52 – Local government performance appraisal 1/4. What are the issues? (or 5 reasons it doesn’t work)

Posted by Lancing Farrell                                                                             700 words

performance - rowing

This is the first in a series of four posts on performance appraisal. The central idea is that current performance appraisal systems are not effective.

To begin with, the annual performance appraisal process (sometimes called the performance development plan (PDP) or staff development scheme (SDS)) is often not carried out in local government. When it is, people have usually been compelled to do so or they are simply ‘ticking the boxes’ and being compliant. I have often thought that this is important evidence that the process is not helpful. People ‘vote with their feet’ – if they thought that performance appraisal was useful and that it added value, they would be doing it.

The second problem in local government is that performance plans are seldom developed in accordance with the agreed process. The timing of completion of the Council Plan, adoption of the budget and setting of the CEO’s performance objectives usually means that there is a delay in cascading objectives down through each layer of management to the individuals doing work at the front line. Often it takes 3 months for this to happen and then the performance period is shortened to 9 months. This is when there is something to cascade. There are many roles in local government that have no Council Plan actions or strategies, where the CEO has no personal objectives related to it, and, therefore, there is nothing to cascade down. For example; health inspections of food premises; issuing building permits; cleaning and maintaining infrastructure.

The third problem is the focus on individuals and their performance, not the performance of the system they are working in. We try to measure the contribution of one rower in a team of rowers. This has been discussed at length by Peter R. Scholtes in various publications. A proponent of the work of Dr. W. Edwards Deming, Scholtes has numerous criticisms of performance appraisal, including what he calls the ‘systems-related assumptions’, described in The Leaders Handbook:

  • The employee being evaluated has control over the results.
  • The employee’s individual contribution can be discerned from the contributions of the system and other workers in the system.
  • Each system in which an employee works is stable and capable of delivering the expected results.

The fourth problem is the power imbalance between the supervisor conducting the performance appraisal and the employee being appraised. One person is judging the performance of the other. Unfortunately, the performance planning and appraisal systems in local government are designed to control the behaviour of an employee to the satisfaction of their management. I know many human resource professionals will argue with this and say that it is actually intended to be a helpful and constructive process with built-in objectivity. Well, good luck to them. That hasn’t been my experience, particularly at manager level. Again, Scholtes is instructive when he describes other assumptions that are inherent in performance appraisal that are not valid:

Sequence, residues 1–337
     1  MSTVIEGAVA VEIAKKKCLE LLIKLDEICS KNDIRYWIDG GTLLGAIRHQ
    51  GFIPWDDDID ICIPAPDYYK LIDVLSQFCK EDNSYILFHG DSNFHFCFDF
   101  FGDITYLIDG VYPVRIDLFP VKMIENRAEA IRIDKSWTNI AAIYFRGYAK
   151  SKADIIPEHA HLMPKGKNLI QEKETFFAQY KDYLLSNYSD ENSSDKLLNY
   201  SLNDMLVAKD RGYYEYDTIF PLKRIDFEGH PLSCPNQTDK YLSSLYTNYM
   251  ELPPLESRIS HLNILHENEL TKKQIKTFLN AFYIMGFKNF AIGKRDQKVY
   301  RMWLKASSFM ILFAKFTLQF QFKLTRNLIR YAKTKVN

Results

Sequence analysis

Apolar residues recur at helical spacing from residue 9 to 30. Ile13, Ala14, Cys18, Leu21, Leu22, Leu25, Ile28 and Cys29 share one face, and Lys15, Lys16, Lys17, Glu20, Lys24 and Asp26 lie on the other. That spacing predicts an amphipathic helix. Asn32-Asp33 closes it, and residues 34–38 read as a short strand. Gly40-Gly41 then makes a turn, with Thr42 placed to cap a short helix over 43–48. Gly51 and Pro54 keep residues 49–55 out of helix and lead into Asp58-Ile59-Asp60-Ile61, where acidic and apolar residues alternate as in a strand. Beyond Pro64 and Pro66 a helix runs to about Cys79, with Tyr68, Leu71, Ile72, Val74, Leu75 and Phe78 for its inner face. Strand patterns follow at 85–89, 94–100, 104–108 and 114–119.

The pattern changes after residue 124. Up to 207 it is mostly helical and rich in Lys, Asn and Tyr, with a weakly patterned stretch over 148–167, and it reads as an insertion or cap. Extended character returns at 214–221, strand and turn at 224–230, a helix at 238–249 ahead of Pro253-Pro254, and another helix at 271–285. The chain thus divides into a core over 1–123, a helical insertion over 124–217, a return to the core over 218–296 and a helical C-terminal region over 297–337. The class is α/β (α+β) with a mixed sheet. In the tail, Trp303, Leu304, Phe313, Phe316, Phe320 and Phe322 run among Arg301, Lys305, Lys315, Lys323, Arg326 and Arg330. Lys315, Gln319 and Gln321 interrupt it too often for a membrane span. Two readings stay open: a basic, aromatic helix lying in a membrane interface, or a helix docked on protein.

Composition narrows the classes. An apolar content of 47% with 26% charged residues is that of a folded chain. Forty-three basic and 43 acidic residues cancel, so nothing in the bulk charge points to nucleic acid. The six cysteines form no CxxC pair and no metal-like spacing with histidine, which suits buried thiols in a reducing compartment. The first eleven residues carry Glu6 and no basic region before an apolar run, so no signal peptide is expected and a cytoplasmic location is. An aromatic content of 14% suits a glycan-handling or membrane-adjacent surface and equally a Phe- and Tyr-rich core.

• The evaluation covers performance over the entire performance period, not just the period recallable by memory by the evaluator.
  • All evaluators are consistent with each other.
  • Each evaluator is consistent from one employee to the next.

The fifth problem, particularly in local government, is that the performance appraisal process becomes a barrier to the flexibility required to learn, innovate and improve. Along with the Council Plan and the CEO’s performance objectives, it becomes a key accountability tool. Often the objectives in each person’s plan have been inherited from the plans of others through the cascading process. At best you have an opportunity to negotiate some of the finer details, such as when they will be delivered and how they will be measured. But the objective is not your own. It has not come from your work and the performance you are required to deliver in making your contribution to the performance of the whole organisation. It brings to mind another of the assumptions described by Scholtes:

  • The standards of evaluation are related to factors demonstrably important to the business and its customers.

As surprising as this may sound to some readers, not all Council Plans or CEO objectives would meet this criterion. The things that people delivering services every day know are important to their customers or the community are not always known to senior management or the Council. The Council Plan is the councillor’s plan of action for their period in office, not the plan for the organisation to deliver services. Sometimes they align but it is the exception, not the rule.

In the next post in this series, I will discuss why it is that we persist in the illusion that we are using PDP’s and SDS’s to manage the organisation for performance.

Scholtes, Peter R. 1998. The Leaders Handbook – a guide to inspiring your people and managing the daily workflow.